These questions must be asked not only of the federal government but also of provincial governments. If the burden on the payroll is heavy, it must be recognized that this is because of more than one level of government.
Why don't we do more? Because we all face the same situation. We are doing what we can. I would really like to reduce it. However, you have to put that question to other governments. Why don't other governments reduce it? It's because they are grappling with the same financial burden we are.
With regard to the infrastructure program, I think the answer was quite clear. It was given by the Ministers of Finance after our meeting last week. We proposed an extension of the existing program to the Ministers of Finance. But most provinces said that they had other priorities. They said this publicly, on television, not just behind closed doors. You saw them: Mr. Landry, Mr. Eves and other ministers.
The Chairman: Merci, monsieur Loubier.
Welcome to our committee, Mr Manning.
Mr. Manning (Calgary Southwest): Thank you, Mr. Chairman.
I want to say to the minister that I found his statement informative. I'd like to begin perhaps by observing, because I don't join your committee very often, that both the finance committee and finance ministers here in Parliament have been frequently out of touch with reality and behind the times.
Let me illustrate that. Some members will recall that, five to ten years ago when this committee met and received statements like this, both the ministers and the committee members grossly and consistently underestimated the seriousness, at that time, of the deficit and overspending. Ministers would come with $20 billion, $30 billion, and $40 billion deficits, and people would say that it's not too bad, that they could manage it, that they could fix it, etc.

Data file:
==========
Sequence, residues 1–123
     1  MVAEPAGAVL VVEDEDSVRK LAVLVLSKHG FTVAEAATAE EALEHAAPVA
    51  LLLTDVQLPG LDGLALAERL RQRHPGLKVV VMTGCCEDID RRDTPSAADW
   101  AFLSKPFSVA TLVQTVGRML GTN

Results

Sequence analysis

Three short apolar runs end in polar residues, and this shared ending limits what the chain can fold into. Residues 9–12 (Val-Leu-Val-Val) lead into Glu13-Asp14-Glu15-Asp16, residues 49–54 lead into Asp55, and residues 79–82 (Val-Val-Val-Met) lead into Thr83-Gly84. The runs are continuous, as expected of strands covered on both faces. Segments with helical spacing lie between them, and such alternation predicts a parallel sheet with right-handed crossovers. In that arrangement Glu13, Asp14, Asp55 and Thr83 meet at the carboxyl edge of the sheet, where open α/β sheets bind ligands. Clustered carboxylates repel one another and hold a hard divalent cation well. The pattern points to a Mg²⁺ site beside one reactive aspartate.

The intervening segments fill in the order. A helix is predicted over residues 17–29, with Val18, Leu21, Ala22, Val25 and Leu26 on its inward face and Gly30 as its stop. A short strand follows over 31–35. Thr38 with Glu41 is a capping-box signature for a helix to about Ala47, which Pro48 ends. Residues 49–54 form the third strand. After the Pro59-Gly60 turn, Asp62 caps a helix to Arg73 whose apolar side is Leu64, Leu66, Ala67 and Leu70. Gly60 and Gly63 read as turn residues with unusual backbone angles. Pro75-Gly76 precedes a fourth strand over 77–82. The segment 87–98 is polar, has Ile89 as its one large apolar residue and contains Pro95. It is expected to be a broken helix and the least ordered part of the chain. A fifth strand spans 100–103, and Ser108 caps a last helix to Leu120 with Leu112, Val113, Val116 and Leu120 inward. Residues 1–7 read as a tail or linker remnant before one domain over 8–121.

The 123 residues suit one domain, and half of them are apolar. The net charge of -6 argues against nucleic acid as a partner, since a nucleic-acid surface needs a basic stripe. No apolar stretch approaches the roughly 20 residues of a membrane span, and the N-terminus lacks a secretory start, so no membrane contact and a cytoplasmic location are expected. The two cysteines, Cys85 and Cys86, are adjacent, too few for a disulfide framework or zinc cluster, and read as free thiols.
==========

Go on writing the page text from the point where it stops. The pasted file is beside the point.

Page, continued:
I see history being repeated here and a similar mistake being made - not on the deficit. The deficit is finally taken seriously around here, and I suggest as a result of actions of fiscal reformers, not just members of the government.
The weakest part of this statement is section 5 on employment and jobs. I see the same mistake being made today that we used to make on the deficit: grossly underestimating the seriousness of the unemployment situation in this country.
The minister knows the numbers. We went through them in the House today - the 1.4 million unemployed. There are probably half a million to a million that the statisticians tell us drop through the cracks that don't even show up, 2 to 3 million underemployed, and 4 million workers afraid of losing their jobs. That amounts to 8 million people, or over half of the workforce. If you figure that every year in this country since 1981 there have been from 1 million to 1.7 million unemployed, that's a cumulative total of some 20 million lost man years. If you figure that out at the average wage, that's probably in the vicinity of $350 billion in lost wages.